Return to more normal or average temperature and precipitation patterns is expected, especially on the Plains and across the Corn Belt.

Greg Soulje, Meteorologist

February 27, 2024

10 Slides

The El Nino pattern that has been in control of weather across North America over the past several months will continue for much of the spring planting season before slowly dissipating and ending over the course of the early to mid-summer season.

The El Nino weather pattern associated with some degree of added warmth to the waters in the Pacific Ocean continues to dominate steering currents or the winds aloft that move weather systems across North America. Thus far into the winter season, most of its impact across the Heartland has been generating minimal snowfall and snow cover, as well as short-lived outbreaks of very cold weather. 

Meanwhile, a separate band of winds up aloft the southern branch of the jet stream, which is also associated with the El Nino weather cycle, has generated significant and welcome moisture. In some spots, however, there has been too much moisture across the Pacific West and in particular California.  Still, drought has been minimal across some of the parched areas of the southwestern U.S.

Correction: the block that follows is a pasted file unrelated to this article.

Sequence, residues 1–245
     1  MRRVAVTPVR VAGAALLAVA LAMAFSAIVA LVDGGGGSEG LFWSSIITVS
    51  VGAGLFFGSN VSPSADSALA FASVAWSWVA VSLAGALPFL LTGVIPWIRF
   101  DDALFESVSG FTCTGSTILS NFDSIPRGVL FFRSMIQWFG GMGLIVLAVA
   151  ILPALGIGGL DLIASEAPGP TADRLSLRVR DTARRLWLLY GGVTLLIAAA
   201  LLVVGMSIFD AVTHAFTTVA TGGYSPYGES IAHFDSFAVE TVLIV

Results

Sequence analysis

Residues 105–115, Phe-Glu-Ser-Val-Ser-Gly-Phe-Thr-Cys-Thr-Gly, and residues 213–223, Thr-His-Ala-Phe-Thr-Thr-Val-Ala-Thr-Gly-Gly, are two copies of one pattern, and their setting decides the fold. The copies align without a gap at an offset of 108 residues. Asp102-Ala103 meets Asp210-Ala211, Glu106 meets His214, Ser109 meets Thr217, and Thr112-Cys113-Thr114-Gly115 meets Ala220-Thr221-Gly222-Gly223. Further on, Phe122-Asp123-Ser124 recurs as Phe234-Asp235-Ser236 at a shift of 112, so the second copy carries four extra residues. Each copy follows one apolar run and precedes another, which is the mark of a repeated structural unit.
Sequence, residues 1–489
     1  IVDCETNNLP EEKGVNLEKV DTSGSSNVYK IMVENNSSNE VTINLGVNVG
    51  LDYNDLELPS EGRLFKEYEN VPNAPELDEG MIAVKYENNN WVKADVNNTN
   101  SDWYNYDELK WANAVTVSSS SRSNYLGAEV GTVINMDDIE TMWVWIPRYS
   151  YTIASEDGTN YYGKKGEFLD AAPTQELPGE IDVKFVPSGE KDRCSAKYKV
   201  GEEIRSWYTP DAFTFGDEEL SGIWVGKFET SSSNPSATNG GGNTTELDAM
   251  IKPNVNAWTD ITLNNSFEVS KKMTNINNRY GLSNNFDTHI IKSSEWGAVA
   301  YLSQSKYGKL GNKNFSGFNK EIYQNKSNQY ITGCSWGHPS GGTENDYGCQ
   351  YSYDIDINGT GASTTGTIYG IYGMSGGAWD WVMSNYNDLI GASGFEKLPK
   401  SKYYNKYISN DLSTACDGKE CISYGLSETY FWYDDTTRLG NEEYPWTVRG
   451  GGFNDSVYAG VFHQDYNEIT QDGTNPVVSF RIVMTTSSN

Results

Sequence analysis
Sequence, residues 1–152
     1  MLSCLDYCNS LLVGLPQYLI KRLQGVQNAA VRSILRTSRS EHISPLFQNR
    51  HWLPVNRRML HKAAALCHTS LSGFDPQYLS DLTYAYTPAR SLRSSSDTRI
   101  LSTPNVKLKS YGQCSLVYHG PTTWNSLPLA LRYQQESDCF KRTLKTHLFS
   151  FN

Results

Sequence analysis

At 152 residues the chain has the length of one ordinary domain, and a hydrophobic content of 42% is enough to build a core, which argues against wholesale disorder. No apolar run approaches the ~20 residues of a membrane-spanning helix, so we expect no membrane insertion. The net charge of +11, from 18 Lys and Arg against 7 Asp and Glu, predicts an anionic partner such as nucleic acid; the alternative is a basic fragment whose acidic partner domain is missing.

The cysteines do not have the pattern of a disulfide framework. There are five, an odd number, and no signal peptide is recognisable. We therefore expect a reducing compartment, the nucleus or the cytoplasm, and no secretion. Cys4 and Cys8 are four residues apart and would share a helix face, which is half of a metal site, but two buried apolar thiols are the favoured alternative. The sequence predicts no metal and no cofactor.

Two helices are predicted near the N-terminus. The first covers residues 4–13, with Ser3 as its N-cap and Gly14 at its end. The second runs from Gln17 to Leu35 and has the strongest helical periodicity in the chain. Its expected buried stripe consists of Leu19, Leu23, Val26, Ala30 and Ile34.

As mentioned, winter, thus far, has been a fairly mild one, if not downright warm during some weeks, especially during the month of February. Snow cover has ebbed and flowed for much of the season, but where it has materialized, its melt water has helped to generally improve drought conditions on the Great Plains, with a very unusually wet month of January over parts of the central Corn Belt. Here, periodic soaking rains across drought areas of the Midwest were able to percolate, with little, if any, significant frost or freeze in the ground.

Let's take a look at how the remainder of the winter season over the next several weeks shakes-out across the Heartland, and then we'll move to the outlook for the spring planting season.

About the Author(s)

Greg Soulje

Meteorologist

Greg Soulje brings over 30 years of experience as an agricultural broadcast meteorologist. He shares his insight on multiple media platforms ranging from traditional television, print, and radio formats to webcasting. Greg's reliable forecasts are seen every week on “This Week in Agribusiness,” with Mike Pearson and Max Armstrong. He is also heard daily on over 300+ stations in a dozen states across the Nation’s heartland.

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